Transit expert Michael Schabas says Toronto must recognize transportation is a business, not just a service

The U of T alum brings lessons from London to Toronto transit: "You need to offer a better service quality – faster and more frequent trains, all day and on weekends"
Photo of London Overground
Michael Schabas says he's still optimistic about Toronto fixing its transportation woes (photo by Linus Follert/Flickr)

Few transit systems hold a candle to London’s sprawling network of trains. Its comprehensive web of rail lines serve everyone from well-to-do businesspeople to blue-collar workers, transporting them to every corner of the city. 

Transit consultant Michael Schabas, an alumnus of U of T's John H. Daniels Faculty of Architecture, Landscape, and Design, played an important role in making the London transportation system what it is today.

He is sharing his insights from the United Kingdom in a new book, The Railway Metropolis: How planners, politicians, and developers shaped Modern London.

“The book is about how London learned to build railways that were worth having that attracted passengers, that operated efficiently, that were affordable and efficient,” says Schabas. 

Schabas, who has worked on transportation projects all over the world, is currently in Toronto helping Metrolinx implement the Regional Express Rail project, a large scale transformation of the GO Rail network.

He spoke with U of T News about what Toronto can learn from London’s successes and missteps. 

Why is it important to tell the story of London's transportation system?

Because railways are so expensive and take so long to plan and build that some cities never learned from their mistakes. The last railway Toronto built was the Sheppard subway – that was about 20 years ago, and before that, the Spadina RT, which came 10 years before it. 

You have to learn from other cities. You can't just learn from your own city because it's probably too long ago.

London learned from Vancouver when it built the SkyTrain. I worked on the first line in the early 1980s, and London copied it with the Docklands Light Railway, an automated, elevated system that other cities around the world have also copied. But Toronto still learns only from itself so it only wants to build subways and streetcar lines.

What are Toronto's other transit shortcomings?

Toronto only thinks about the capital costs. It assumes that a railway always loses money and doesn't do analysis of business cases  – so you have plans like the Scarborough subway, which is supposed to replace the Scarborough RT but obviously won't attract any more passengers because it's going to do pretty much exactly the same thing as the existing line. And, it may actually cost more to operate than the RT it will replace.

Most of the investment in London over the last 30 years has been to upgrade the surface railway. The London Overground is a new service created by knitting together and electrifying surface railways. That's the lesson Toronto is learning with the Regional Express Rail project that's now going ahead.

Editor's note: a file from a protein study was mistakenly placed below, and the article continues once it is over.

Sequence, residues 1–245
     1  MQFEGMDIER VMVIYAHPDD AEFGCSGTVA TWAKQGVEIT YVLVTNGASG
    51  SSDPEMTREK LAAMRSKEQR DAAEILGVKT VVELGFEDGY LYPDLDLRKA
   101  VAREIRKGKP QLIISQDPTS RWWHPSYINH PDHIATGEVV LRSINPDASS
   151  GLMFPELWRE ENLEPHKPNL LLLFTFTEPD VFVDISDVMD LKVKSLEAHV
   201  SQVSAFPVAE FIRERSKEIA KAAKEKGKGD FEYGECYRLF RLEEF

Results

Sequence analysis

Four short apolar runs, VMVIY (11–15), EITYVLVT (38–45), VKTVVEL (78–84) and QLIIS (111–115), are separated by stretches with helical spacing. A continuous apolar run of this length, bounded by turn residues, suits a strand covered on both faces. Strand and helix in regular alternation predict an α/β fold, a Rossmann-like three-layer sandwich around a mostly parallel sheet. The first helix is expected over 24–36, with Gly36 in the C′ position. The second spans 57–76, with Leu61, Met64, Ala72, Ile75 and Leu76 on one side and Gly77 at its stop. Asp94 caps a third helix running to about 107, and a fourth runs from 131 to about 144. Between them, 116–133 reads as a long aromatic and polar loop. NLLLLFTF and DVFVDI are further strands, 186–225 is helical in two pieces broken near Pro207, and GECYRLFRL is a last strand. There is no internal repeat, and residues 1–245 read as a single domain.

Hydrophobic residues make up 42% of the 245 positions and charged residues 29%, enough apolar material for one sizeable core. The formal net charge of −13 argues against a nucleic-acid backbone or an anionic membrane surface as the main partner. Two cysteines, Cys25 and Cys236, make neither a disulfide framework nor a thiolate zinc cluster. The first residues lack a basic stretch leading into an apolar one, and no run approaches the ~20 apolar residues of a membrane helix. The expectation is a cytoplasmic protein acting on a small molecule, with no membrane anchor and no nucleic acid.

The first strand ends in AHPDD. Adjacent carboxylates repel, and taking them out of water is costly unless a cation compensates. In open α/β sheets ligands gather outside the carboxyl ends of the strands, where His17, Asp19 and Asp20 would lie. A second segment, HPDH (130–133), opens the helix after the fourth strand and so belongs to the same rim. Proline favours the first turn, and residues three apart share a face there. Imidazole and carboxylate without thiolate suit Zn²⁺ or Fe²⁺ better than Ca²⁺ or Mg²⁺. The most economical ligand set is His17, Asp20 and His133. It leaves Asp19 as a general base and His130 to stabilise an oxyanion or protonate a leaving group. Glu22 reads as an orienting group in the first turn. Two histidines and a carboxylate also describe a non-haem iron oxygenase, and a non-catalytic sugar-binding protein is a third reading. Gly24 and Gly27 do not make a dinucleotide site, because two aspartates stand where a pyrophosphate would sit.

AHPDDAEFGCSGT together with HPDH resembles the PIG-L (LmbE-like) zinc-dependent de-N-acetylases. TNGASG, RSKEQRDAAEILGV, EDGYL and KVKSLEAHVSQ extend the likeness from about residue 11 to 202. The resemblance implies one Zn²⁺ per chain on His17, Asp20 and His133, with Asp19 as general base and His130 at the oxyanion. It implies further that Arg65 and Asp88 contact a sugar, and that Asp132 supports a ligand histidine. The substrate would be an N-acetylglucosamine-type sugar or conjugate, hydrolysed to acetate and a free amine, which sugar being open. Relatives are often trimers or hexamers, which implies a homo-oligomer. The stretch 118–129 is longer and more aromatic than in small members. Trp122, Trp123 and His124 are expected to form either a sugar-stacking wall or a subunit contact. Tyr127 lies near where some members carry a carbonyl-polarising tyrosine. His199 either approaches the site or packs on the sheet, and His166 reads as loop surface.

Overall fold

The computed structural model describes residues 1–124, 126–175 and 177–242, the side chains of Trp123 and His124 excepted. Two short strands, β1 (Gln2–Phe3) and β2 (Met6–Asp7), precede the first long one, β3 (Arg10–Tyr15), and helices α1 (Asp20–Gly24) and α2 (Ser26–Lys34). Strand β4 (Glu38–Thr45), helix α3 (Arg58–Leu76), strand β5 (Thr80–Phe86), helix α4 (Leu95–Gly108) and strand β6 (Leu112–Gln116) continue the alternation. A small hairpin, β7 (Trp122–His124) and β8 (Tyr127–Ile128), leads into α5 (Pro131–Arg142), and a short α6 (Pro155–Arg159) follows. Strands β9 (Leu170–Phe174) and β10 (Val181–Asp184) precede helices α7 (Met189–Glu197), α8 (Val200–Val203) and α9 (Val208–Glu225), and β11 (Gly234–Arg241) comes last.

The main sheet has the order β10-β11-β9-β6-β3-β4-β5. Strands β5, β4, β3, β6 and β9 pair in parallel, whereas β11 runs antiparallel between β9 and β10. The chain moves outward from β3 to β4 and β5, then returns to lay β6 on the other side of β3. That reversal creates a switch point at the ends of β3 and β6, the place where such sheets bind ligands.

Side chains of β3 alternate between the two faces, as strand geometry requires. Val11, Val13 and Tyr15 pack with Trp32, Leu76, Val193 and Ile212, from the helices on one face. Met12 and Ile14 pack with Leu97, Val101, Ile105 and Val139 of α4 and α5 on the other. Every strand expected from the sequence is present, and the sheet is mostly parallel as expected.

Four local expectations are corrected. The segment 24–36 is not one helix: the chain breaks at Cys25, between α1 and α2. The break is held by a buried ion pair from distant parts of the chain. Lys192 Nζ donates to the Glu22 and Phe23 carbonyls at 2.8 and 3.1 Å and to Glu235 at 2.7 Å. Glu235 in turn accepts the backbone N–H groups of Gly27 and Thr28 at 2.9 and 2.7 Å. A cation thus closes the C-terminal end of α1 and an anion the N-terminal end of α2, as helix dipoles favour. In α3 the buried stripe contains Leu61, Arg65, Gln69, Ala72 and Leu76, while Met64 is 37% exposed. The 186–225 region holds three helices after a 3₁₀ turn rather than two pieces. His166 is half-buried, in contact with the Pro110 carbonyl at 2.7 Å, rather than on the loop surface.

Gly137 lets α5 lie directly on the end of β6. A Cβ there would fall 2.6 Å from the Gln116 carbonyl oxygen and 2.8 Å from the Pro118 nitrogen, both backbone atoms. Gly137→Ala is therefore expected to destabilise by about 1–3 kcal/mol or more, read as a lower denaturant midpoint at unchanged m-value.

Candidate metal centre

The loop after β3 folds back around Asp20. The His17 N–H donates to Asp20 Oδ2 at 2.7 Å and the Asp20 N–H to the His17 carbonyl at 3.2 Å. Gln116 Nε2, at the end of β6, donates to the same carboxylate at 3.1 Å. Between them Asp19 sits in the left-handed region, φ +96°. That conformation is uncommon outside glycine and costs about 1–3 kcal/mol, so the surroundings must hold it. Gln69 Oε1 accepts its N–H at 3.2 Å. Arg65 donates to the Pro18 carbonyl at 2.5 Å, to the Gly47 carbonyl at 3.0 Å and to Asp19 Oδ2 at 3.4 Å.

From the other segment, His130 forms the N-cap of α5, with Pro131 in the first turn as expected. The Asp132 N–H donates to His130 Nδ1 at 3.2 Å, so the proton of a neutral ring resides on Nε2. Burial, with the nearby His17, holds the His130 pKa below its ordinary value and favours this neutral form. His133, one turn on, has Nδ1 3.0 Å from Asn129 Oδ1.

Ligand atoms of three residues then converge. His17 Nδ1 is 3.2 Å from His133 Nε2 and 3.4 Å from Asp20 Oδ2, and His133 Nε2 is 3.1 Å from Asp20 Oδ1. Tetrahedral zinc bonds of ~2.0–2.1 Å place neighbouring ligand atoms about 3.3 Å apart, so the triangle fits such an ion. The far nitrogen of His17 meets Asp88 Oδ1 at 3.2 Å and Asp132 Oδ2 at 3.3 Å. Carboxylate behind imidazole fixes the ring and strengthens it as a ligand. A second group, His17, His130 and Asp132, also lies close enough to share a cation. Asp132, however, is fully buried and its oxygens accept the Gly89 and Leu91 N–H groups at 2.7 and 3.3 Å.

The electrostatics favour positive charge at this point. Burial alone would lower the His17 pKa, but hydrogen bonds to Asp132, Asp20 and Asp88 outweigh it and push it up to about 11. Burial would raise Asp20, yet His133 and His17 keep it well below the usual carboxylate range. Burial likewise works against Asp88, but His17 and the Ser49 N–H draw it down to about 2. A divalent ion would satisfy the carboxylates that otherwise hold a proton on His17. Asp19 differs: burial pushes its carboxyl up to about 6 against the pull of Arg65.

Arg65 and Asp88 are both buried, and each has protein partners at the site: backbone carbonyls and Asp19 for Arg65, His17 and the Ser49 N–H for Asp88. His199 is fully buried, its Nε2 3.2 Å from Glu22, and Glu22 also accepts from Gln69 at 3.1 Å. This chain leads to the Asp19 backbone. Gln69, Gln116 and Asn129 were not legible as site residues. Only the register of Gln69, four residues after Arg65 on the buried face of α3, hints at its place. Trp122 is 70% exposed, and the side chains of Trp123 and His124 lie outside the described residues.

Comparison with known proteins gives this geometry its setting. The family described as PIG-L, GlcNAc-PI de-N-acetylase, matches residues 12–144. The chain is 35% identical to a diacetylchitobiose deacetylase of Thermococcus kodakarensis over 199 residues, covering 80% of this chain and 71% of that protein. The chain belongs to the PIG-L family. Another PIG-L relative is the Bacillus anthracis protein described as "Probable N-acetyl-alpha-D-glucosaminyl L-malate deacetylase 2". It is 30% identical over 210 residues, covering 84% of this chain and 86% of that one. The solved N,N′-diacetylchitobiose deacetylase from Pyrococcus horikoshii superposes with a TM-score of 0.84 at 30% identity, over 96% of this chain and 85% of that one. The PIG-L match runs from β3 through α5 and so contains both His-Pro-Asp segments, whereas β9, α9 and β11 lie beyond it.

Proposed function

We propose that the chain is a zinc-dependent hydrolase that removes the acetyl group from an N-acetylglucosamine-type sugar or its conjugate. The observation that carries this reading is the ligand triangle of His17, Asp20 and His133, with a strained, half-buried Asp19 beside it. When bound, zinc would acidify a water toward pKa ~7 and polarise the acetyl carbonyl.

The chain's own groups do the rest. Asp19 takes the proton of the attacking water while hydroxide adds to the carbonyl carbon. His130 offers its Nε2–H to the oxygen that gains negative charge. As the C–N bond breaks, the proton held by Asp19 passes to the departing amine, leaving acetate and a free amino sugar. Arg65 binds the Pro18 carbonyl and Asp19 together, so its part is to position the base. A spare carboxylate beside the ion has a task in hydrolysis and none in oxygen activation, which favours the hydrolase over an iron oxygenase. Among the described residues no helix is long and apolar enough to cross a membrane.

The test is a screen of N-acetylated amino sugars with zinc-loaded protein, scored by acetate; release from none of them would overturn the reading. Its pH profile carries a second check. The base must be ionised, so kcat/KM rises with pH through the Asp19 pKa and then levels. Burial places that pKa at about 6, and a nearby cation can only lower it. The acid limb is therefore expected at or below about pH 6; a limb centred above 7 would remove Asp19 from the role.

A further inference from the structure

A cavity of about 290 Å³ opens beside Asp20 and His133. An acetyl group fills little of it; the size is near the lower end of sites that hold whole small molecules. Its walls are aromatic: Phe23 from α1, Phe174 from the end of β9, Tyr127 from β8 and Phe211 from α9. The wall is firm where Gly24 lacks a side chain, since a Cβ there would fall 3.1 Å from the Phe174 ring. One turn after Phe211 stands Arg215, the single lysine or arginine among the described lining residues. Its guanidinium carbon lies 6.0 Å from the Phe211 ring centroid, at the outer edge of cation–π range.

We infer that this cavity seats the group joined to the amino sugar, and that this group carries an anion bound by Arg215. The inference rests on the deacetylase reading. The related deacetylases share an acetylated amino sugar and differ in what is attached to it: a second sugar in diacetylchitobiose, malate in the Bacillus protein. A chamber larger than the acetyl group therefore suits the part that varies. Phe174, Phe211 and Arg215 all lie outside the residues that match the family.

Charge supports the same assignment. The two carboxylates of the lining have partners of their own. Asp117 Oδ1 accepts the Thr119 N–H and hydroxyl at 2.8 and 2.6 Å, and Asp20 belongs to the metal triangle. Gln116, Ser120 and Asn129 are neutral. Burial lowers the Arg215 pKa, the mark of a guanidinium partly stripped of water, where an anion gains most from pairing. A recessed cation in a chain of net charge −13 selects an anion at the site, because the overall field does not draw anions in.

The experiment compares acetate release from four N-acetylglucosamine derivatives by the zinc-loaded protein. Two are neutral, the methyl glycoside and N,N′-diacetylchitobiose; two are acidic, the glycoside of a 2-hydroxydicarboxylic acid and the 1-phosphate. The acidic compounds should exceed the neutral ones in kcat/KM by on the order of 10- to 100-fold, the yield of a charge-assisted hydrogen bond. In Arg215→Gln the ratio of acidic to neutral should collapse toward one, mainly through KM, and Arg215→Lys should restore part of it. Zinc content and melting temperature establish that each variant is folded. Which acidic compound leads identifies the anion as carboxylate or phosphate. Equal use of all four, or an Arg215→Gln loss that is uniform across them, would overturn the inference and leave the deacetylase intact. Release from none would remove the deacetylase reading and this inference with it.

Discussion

I'm a Toronto boy. I grew up in Toronto. I left Toronto in 1979 because I didn't think Toronto would do anything clever with railways for the next 30 years. I went to Vancouver and then London and built a lot of railways. Most of which have been successful but also a lot of mistakes were made.

My book tells the stories of the projects that have been delivered in London. If you get to the last page, you will see that I give London a score of 7/10. Not bad, but plenty of room for improvement.

What score would you give Toronto?

At the moment, we don't want to talk about it. But I would say if I write the same book on Toronto in 2040, 8/10 is still within reach. 

How do we get past the roadblocks Toronto's transit system is currently facing?

Toronto needs to learn that transport is a business as well as a social service. You need to offer a better service quality – faster and more frequent trains, all day and on weekends. There's a line I use as a title of one of my chapters, which is credited to the mayor of Bogotá: the successful city isn't a place where the poor people have cars, but it's a city where the rich people use public transit.  

By rich people, I don't think he meant millionaires. He meant people with jobs, people with cars, people carrying knapsacks with laptops in them.

In Toronto, those people do use public transit to go downtown, and they love it. But they don't use it to go from Scarborough to Mississauga because it's too slow, and they end up sitting in their cars on the 401.

In London, those people use public transit. Toronto is a rich city, and it needs its public transit system to also be for "rich” people.

How optimistic are you that Toronto will get to the point where it can create the transportation systems it needs?

I'm very optimistic.

Toronto is a potential railway metropolis. It's very dense, even in the suburbs. Even Scarborough and Mississauga are much denser than American suburbs. People don't realize that.

Toronto has six freeway lanes in to the downtown. Houston has 43.

Toronto has very little in the way of a freeway system. Rail is the only way to make Toronto keep growing, and luckily for Toronto, it's not too late – the corridors are there for the RER, and Toronto never had the problems American cities had that made “rich” people stop using transit. 

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